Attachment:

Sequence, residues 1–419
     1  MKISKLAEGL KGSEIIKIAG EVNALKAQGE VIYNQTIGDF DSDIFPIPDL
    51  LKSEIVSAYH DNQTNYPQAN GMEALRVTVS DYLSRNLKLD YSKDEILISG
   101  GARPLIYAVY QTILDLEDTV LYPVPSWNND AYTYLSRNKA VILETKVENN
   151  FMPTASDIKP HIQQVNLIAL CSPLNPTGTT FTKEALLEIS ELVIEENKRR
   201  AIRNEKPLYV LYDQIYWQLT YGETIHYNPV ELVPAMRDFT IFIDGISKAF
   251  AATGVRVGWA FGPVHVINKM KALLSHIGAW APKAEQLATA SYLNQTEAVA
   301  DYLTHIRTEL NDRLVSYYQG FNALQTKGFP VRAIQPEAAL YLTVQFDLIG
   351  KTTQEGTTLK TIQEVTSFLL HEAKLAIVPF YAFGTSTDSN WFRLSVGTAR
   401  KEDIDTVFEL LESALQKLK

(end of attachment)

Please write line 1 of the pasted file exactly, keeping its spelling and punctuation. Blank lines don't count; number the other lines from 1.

Sequence, residues 1–419